But who exactly was it that died in droves from measles, chickenpox and smallpox? No, funnily enough, it wasn’t the often hungry newly arrived subsisting on salt beef, overboiled veg and distinctly unwonderful bread. It was the robustly healthy, well-fed indigenous people who also, it might be added, spent all their lives in the healthy open air so beloved of certain advocates.

    And then it came time to ‘deal with’ the not quite so constantly well fed people of the desert interiors. People who claimed to believe in miasma theory seemed to know enough of germ theory principles to supply smallpox carrying blankets to infect the locals. Nobody was surprised when they died in droves as well.

    Similar disasters befell indigenous Americans of both north and south continents. Very few communities within these groups had diets as bad as, let alone worse than, the invaders.

    Good food is good for you. But it has no force field or other magical properties to shield you from disease.

  380. #381 Pegasus
    March 19, 2012

    Chemmomo:

    I’ve just read your pubmed lists of Marcia Angell’s articles. Interesting reading the CAMJ 12/2004 Excess in the pharmaceutical Industry. Do you blame people for not trusting bigpharma? And her reason why doctors don’t speak out about this incestuous influence? (apart from the few brave ones like McDougall, Fuhrman et al) Show me the..money, gifts, perks, holidays. What a freakin’ disgrace.

  381. #382 Matt F
    March 19, 2012

    @Pegasus
    “Germ theory is an explanation of diseases which are associated with microbes. It is useful, just as glycemic index is useful in nutrition, but, like GI has great limits in explaining BSL regulation, so GT is not an all encompassing explanation of microbe-associated diseases. There are many anomalies, which, if you are honest, you would acknowledge.”

    Well except for the fact that the Germ Theory of disease has saved thousand of lives. Once the evidence supported the most disease is caused by microorganisms it allowed doctors to really know what was behind these illnesses. I could name several doctors/scientists, that around this time came up. While yes disease has many other things associated with, as many symptoms are caused by the actual immune system, ex. paroxysms and fever associated with Malaria, it is the underlying cause is the organisms itself. Yes, there can be confounding issue, a compromised immune system for any number of reasons, there still is the actual cause. Somebody already said not all disease are caused by etiological agents, but many are.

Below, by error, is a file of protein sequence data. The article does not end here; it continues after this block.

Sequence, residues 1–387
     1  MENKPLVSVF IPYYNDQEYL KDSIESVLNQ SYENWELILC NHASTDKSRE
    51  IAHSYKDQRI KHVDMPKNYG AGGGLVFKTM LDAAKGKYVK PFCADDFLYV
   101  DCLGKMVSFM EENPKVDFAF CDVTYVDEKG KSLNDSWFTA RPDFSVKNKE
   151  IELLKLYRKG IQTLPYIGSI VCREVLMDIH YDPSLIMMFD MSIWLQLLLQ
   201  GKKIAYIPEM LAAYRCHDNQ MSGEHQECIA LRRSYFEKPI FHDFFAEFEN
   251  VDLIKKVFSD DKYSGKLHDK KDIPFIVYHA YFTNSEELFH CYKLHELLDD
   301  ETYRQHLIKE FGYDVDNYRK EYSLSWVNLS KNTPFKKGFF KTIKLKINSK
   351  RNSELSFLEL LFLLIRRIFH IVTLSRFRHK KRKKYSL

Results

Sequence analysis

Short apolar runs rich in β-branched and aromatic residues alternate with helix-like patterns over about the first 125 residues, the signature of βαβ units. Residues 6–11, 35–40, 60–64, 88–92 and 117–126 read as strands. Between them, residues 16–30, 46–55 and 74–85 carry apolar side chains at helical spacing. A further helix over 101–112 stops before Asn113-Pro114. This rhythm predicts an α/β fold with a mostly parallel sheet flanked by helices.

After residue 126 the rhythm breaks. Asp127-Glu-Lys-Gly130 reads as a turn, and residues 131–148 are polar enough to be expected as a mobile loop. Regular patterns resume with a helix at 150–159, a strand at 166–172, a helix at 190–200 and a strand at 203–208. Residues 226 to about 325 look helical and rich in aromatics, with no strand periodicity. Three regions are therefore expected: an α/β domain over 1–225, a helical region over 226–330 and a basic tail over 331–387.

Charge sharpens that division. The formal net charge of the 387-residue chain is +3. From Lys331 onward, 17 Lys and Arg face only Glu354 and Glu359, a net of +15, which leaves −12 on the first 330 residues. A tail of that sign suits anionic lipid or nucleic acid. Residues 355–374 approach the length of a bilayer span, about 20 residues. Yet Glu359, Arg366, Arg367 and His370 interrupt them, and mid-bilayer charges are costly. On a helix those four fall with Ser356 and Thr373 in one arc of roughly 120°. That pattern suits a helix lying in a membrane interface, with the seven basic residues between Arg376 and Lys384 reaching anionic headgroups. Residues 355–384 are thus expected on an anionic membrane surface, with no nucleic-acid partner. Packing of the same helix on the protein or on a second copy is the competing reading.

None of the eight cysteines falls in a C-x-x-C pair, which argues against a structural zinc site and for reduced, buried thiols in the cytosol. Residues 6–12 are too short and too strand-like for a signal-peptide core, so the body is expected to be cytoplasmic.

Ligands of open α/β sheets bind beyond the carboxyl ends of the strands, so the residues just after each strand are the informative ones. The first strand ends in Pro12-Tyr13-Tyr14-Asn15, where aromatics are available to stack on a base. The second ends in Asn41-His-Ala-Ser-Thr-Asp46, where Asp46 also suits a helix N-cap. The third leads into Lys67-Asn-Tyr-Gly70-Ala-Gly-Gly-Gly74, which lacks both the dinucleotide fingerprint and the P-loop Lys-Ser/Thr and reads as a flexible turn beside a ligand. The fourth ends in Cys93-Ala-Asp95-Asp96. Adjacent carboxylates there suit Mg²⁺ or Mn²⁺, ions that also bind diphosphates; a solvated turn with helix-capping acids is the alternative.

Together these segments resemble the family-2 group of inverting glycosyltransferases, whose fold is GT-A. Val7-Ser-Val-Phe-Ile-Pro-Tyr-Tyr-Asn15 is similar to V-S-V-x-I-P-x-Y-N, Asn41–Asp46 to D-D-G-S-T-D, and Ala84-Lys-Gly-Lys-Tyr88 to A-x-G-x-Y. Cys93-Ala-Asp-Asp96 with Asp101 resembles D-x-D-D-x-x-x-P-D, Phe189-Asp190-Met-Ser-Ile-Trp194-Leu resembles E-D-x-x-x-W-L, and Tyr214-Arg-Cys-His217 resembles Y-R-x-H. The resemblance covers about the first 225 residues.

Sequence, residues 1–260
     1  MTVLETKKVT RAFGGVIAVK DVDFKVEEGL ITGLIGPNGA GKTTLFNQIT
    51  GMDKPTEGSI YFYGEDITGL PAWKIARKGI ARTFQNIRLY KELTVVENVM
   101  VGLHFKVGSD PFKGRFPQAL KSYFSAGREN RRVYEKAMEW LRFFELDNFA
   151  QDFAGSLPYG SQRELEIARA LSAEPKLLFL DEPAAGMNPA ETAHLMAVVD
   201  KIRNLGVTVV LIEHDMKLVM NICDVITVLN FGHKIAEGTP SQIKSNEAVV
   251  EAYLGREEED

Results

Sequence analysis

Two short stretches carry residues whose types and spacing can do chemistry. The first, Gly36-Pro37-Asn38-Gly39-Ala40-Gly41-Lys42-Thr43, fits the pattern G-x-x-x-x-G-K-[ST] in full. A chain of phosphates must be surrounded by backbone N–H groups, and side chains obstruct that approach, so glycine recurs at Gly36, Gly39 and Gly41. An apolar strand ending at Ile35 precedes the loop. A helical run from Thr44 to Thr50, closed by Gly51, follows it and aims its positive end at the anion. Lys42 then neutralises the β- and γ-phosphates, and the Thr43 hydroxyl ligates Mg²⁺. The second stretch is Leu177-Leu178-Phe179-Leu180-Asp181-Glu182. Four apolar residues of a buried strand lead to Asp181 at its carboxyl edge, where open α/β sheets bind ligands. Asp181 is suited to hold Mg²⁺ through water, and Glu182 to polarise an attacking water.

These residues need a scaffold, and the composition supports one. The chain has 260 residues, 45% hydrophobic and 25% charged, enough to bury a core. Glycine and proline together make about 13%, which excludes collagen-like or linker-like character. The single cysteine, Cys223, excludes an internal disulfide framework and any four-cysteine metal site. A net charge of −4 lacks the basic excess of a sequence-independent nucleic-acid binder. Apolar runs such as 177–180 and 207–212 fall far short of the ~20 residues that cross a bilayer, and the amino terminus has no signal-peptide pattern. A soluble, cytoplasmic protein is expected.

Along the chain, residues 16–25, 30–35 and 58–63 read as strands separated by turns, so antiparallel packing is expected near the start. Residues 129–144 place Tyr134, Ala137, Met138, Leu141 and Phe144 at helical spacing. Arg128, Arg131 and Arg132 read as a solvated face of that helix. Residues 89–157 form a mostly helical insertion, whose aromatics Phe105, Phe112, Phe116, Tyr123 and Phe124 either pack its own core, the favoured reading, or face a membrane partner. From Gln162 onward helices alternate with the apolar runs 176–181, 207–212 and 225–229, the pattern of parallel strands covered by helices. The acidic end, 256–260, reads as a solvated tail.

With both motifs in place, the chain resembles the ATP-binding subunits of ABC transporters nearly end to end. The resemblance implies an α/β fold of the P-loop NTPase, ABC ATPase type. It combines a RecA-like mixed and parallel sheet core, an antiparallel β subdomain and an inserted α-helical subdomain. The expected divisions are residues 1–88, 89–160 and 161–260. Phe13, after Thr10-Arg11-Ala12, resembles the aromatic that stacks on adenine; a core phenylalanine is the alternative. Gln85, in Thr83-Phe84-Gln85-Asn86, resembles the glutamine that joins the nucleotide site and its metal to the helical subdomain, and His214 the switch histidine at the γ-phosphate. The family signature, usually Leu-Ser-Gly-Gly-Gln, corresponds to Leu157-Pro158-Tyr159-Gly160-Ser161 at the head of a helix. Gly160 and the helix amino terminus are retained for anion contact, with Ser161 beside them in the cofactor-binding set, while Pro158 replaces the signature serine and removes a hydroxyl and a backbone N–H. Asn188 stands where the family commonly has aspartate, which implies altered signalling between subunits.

Just so your clear what is you theory on disease, are they caused by nutrition, or do you still think the old germs are a consequence of disease is right?

  382. #383 Pegasus
    March 20, 2012

    Chemmomo:

    I’ve just read your pubmed lists of Marcia Angell’s articles. Interesting reading the CAMJ 12/2004 Excess in the pharmaceutical Industry. Do you blame people for not trusting bigpharma? And her reason why doctors don’t speak out about this incestuous influence? (apart from the few brave ones like McDougall, Fuhrman et al) Show me the..money, gifts, perks, holidays. What a disgrace.

  383. #384 Mark M
    March 20, 2012

    Show me the money?

    Your ‘hero’ Wakefraud was paid £430,000 to find problems with MMR.

    He falsified his research (LIED, in other words), got caught red-handed and was struck off.

    If the scare had worked, he stood to make MILLIONS. Even discredited, he’s still raking it in. Just like cancer quack Burzinski (another ‘poor crusader’ living in a mansion).

    A disgrace, indeed.

  384. #385 Narad
    March 20, 2012

    @ M’OB, 377:

    I don’t consider you crazy. I consider you poorly informed and incapable of a sensible discussion.

    I’m willing to go with straight-up bad faith.

  385. #386 Pegasus
    March 20, 2012

    Many years ago I attended a talk by Dr Archie Kalokerinos, an Australian doctor who was one of the first to link the 3 month triple antigen with SIDS. He wrote a book called Every Second Child. According to him, he was the first person to ever conduct an autoposy on a SIDS baby immediately after death. His finding of vaccine-induced scurvy in this case led him on a life-long journey warning people of the dangers of vaccination.

    During the talk he related a story he experienced while he was in Africa. He was filming the early public health vaccination programs. When the ‘white man’s” medicine was first introduced (vaccinations to “protect” them) & the buses with the nurses & doctors etc rolled in to the rural communities, he said the natives would rush over with their bambinos in their arms, eager to have their young babies vaccinated.They were keen to have their babies vaccinated.

    He said when he went back to the same villages to see the second wave of “white man’s” medicine some time later, the natives literally ran & hid in the bushes with their bambinos, voting against further vaccinations with their feet.

    They obviously knew something which prompted their fear. They knew their babies were not the same after “white man’s” needles. Instinct led them to protect their young.